“And I’m hoping we never forget our friends from here. I’m hoping I’m still in touch with these people when I’m 70 or 80. I knew even if I didn’t play a single note or take a single marching step, all of my friends were here. I have hundreds and hundreds of fun memories from things in the stadium or during parades or on bowl trips or just hanging out with friends.”
Suddenly, a storehouse of memories had been opened, and both band members begin pulling out their favorite stories.
- Szabo on his first time in the Blue Band uniform: “That takes place on picture day of your rookie year. It’s in the stadium, an empty stadium. But because my parents were both in the Blue Band (Erik Szabo, ’91 and Kristi Darling Szabo, ‘92), I’m thinking, ‘Whoa, this is like living history. This is so cool.’ The uniform is super-iconic. It’s been pretty much the same for 80 years, and it’s probably been seen by hundreds of millions of people by now.”
- Detwiler on Parade Order, the march to the stadium: “We have this whole routine as we’re marching to the stadium — all these little sayings and motions. But the upperclassmen don’t tell the rookies anything about it. So they have to learn by watching. And the rookies in the sousaphone section have to provide Blow Pops to every person in the section for every performance. Then we each slip our Blow Pop into the slot that’s supposed to hold music, and during Parade Order each person has to run out and give the Blow Pop to a little kid and run back in. You get to make a kid’s day, and it’s funny to see the sousa player trying to get back into line. The band doesn’t stop.”
- Szabo on emerging from the Beaver Stadium tunnel: “It’s absolutely breathtaking, especially your first game. That’s normally a throwaway game, so it’s not like the stadium is super packed. But when we’re in the tunnel, you can hear the people and feel them jumping in the stands above you. And we can feel the energy from the student section. With the sousaphones, the tunnel is so narrow that we actually can’t see in front of us. So you have no idea what’s going on out there. You just hear and feel a lot of crazy energy. And then the drums go out and everyone starts shaking—the older people intentionally shake the rookies to make it more fun.”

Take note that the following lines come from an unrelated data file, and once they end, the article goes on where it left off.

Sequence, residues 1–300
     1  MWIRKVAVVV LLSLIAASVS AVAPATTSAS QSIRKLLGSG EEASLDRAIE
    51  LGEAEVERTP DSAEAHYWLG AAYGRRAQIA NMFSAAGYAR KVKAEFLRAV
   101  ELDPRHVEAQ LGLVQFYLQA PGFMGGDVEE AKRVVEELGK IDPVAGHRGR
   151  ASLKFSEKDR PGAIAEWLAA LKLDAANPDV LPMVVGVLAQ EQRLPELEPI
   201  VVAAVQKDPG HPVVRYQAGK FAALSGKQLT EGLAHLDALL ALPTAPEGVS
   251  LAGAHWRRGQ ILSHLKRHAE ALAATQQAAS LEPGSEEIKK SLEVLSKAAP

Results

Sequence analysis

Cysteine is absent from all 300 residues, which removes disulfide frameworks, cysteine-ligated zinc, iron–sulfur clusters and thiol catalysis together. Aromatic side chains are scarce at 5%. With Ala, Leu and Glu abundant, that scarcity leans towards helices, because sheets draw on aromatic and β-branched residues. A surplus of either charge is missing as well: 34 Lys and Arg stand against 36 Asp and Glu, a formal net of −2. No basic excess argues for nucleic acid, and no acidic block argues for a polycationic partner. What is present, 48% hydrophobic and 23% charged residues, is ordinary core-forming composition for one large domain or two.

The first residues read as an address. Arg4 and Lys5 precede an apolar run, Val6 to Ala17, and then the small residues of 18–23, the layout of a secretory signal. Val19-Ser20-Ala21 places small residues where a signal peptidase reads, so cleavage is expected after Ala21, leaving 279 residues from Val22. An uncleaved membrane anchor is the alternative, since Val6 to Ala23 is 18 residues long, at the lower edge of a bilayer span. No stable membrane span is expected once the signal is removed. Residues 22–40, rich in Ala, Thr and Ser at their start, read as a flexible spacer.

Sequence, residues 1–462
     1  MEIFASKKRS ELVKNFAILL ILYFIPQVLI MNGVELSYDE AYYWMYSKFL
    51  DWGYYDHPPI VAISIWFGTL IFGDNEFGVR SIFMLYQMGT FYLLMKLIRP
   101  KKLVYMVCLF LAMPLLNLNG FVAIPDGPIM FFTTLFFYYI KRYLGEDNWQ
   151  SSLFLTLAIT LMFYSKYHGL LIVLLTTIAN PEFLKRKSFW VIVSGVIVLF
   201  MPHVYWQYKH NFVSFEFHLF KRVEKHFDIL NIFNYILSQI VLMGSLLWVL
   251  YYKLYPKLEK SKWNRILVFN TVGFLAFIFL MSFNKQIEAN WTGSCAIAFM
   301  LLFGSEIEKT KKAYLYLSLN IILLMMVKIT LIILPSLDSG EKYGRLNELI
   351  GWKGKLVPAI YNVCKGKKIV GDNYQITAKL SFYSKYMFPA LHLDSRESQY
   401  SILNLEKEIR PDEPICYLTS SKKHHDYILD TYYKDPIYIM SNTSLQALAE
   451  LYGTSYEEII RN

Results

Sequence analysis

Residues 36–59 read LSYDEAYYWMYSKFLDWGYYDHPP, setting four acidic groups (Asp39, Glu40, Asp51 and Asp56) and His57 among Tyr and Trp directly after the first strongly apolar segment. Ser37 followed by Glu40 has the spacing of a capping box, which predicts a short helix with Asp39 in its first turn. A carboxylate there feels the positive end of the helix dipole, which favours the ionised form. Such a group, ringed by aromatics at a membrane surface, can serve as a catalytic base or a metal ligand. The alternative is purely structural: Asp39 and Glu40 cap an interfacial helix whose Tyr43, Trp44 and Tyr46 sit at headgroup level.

- Both on band trips: “The band trips are super fun,” Szabo says. “We’ve gotten to go all over the place just with the Blue Band. I went to Ohio, Michigan twice and to Florida, Texas and Arizona. Those last three were for bowls. In Dallas, they have Lime scooters, motorized scooters that you can rent. We rode those all over downtown Dallas.”
Adds Detwiler, “The bowl trips are basically three- or four-day vacations, expenses paid, with all of our best friends. They put us in a four- or five-star hotel and give us a lot of down time to hang with our friends. We invented a game in Dallas—“Volley Sack.” It’s played on a tennis court with a Hacky Sack, like volleyball with no hands.”
* * *
I’m not a musical guy, and I’ve certainly never played in a marching band. So I thought I should get some added perspective on this year’s Blue Band drama. It just took a quick phone call to Katy, Texas for me to capture the thoughts and feelings of an old Acacia fraternity brother, Zeke Zeiler. He was a member of the Blue Band in 1970-71 and 1971-72 before the rigors of pre-med studies ended his band career.
I asked how he would have felt about being in a band that could practice but not perform.
“Well,” the former clarinet player said, “that’s really sad because it is a musical performance. The practices are for the purpose of the performance. If all you did was practice on a sports team but never played any games, that would be very frustrating.”
So then I told my buddy about what Joe Violi had said—that he heard no complaining or whining from the members of this year’s band.
“That shows a lot of maturity on their part,” Zeiler said. “I’d be very proud of young men and women like that.”
* * *
Perhaps some members of the Blue Band will get to play for the informal spring game to be held by the football team on April 17. But even if that happens, they won’t be wearing their uniforms since those uniforms were never issued. And they won’t be marching. And they’ll have to observe social distancing while wearing masks with slits to accommodate their mouthpieces. Furthermore, Caleb Szabo won’t be participating since he’s doing his student teaching this semester and is thus ineligible for band activities.
I’m wondering if there might be some future opportunity for the athletic department or Blue Band leadership to recognize this year’s band. Not so much because of their musicianship, although I’m sure they were as accomplished as bands of previous years. No, I think they need to be honored for their loyalty to the cause.
After all, if you look at the “ring of honor” in Beaver Stadium, each year on the ring is there to honor a football team with a fabulous record. Except for one. The 2012 team finished 8-4 but hung together in loyalty to Penn State despite the sanctions that followed the Sandusky scandal. Other universities sought to grab transfer talent from the Nittany Lions, but determined leaders like Michael Mauti and Michael Zordich held the team together.
Special Penn State honors are awarded by those with loftier salaries and higher degrees than mine. But as for me, I’m tipping my proverbial hat to this year’s Blue Band, especially the seniors. And I’m thanking them for enacting the lyrics of the song they play so well: “May our lives but swell thy fame, Dear Old State, dear old State.”